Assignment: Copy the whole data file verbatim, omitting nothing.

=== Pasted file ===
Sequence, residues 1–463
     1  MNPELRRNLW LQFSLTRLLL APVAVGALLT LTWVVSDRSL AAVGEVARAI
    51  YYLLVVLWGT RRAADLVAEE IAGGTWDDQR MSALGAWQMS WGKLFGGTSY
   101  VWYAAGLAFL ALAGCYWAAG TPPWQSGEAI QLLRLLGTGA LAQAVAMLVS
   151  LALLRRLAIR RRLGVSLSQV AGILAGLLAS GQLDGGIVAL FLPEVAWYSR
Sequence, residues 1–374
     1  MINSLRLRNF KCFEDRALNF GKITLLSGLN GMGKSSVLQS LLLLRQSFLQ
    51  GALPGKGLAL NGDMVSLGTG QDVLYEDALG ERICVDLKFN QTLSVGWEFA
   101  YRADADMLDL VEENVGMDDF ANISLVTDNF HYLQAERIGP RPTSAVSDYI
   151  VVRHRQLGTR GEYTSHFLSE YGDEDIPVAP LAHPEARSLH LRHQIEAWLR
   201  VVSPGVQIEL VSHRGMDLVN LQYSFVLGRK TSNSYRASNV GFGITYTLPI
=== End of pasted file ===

Sequence, residues 1–463
     1  MNPELRRNLW LQFSLTRLLL APVAVGALLT LTWVVSDRSL AAVGEVARAI
    51  YYLLVVLWGT RRAADLVAEE IAGGTWDDQR MSALGAWQMS WGKLFGGTSY
   101  VWYAAGLAFL ALAGCYWAAG TPPWQSGEAI QLLRLLGTGA LAQAVAMLVS
   151  LALLRRLAIR RRLGVSLSQV AGILAGLLAS GQLDGGIVAL FLPEVAWYSR
Sequence, residues 1–374
     1  MINSLRLRNF KCFEDRALNF GKITLLSGLN GMGKSSVLQS LLLLRQSFLQ
    51  GALPGKGLAL NGDMVSLGTG QDVLYEDALG ERICVDLKFN QTLSVGWEFA
   101  YRADADMLDL VEENVGMDDF ANISLVTDNF HYLQAERIGP RPTSAVSDYI
   151  VVRHRQLGTR GEYTSHFLSE YGDEDIPVAP LAHPEARSLH LRHQIEAWLR
   201  VVSPGVQIEL VSHRGMDLVN LQYSFVLGRK TSNSYRASNV GFGITYTLPI